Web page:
Tech heavyweights fight over online wallet software. The prize: a hand in nearly every online transaction.
A collection of articles at this publication
Problems with Gift Cards. “Some stores ignore security, putting consumer funds at risk.” [MSNBC]
CIO: What’s New for 2002? To that end, we’ve compiled a list of technologies we think have a shot at making it big in 2002. The current economic climate makes the crystal ball even cloudier than normal, of course, but these apps seem headed for the big time sooner rather than later. [Tomalak’s Realm]
When the risk takers come into their own – John Cook writes in the Seattle Post-Intelligencer:
Despite the uncertainty in the current economic environment, a number of entrepreneurs and VC investors are convinced that now is an auspicious time to start a new venture.
Notes one VC: “Only good sailors go out in stormy seas. The teams and the people who are willing to head out with a new enterprise right now are good people to invest in.”
In fact, some investors point out that three current technology behemoths˜Oracle, Microsoft, Sun˜were all started during a down technology cycle. The article includes a review of potential advantages for a business started during an economic downturn (e.g. less competition, greater access to intellectual capital).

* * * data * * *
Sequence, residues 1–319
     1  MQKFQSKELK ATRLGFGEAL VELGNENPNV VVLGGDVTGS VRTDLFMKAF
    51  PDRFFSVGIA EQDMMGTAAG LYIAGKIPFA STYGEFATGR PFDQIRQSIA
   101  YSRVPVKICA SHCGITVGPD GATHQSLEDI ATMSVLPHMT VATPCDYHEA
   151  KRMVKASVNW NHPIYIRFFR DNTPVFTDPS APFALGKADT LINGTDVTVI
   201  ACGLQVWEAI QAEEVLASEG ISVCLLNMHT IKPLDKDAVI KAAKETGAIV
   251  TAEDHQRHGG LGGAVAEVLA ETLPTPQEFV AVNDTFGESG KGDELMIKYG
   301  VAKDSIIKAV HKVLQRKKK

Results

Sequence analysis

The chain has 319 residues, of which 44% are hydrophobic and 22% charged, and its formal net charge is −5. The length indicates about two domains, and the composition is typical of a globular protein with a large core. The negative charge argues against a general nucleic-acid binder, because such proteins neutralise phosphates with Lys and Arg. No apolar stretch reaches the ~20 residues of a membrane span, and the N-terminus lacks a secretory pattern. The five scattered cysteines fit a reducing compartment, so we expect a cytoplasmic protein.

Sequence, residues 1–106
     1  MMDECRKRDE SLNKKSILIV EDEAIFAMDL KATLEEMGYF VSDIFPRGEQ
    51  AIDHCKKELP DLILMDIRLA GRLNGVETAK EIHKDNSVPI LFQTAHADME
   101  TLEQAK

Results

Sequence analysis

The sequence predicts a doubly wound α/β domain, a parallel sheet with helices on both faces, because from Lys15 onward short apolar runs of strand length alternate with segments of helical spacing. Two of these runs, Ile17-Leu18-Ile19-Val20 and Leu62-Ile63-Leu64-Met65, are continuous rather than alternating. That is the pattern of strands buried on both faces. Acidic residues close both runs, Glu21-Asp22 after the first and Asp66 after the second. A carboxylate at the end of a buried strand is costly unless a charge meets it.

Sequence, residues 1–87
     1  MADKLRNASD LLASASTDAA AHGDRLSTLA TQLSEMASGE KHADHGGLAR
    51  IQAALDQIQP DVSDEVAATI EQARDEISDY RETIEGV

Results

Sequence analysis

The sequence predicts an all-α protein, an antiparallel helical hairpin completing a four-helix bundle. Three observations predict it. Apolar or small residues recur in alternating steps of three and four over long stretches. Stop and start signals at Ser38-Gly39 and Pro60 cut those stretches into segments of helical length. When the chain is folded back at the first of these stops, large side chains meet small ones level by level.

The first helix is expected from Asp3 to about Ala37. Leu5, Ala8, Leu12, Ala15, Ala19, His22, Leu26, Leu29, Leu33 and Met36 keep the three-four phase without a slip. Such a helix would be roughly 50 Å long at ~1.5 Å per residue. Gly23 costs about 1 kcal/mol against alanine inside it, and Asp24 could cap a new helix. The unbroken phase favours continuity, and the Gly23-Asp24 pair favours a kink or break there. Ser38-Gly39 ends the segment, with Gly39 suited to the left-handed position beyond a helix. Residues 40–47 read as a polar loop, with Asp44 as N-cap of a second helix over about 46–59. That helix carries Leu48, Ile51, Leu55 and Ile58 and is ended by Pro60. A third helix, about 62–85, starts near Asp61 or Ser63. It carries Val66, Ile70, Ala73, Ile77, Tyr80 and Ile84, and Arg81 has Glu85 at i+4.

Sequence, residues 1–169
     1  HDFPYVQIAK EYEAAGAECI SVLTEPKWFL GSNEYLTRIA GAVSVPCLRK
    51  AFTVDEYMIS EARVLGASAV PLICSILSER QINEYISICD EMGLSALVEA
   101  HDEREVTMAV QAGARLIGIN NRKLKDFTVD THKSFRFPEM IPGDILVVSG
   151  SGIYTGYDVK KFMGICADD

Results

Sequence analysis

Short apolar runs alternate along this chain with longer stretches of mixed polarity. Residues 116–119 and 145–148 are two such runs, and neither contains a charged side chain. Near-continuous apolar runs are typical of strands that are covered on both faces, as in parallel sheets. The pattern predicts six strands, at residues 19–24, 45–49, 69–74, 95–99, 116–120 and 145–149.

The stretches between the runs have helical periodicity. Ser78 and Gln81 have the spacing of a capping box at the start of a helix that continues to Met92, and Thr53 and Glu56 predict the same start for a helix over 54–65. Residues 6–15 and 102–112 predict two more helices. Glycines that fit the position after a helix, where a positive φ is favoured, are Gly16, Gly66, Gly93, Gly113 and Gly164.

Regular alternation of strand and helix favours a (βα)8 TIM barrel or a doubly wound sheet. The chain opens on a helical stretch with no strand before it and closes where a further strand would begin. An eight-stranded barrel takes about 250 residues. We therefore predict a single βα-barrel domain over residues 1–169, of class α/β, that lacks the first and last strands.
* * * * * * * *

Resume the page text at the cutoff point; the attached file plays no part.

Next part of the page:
The San Francisco Chronicle has a great article in its Sunday magazine about why writers enjoy living in the San Francisco Bay Area.
For those of you thinking of buying some network gear, you may want to take advantage of Amazon.com’s mainland U.S. free shipping over for orders over $99 (read restrictions). Yes, there are lots of provisos, so read the list carefully. Amazon.com’s prices are competitive or better for all of the cheap home gateways that they offer; I just updated that page to include links to Outpost.com and Amazon.com for items that either or both store sell directly.
Not sure why I was browsing through some old photographs earlier tonight – but while doing so I came across this shot of me in the White House Briefing Room on April 12, 2001. We were there thanks to my Glenbrook co-founder Allen Weinberg’s connections with a senior White House correspondent while we were in Washington with our first -ever- client.
Those were the days before 9/11 – and we came into the White House late in the afternoon for an escorted look around. It was amazing. I almost walked into the Oval Office with my camera – before being politely shoo’d away back down the hallway. I’m sure things are very different now.
It’s fun to remember that time – a much more innocent and open time it was. Me in my short sleeve shirt standing in the White House Briefing Room.
Who would have thought?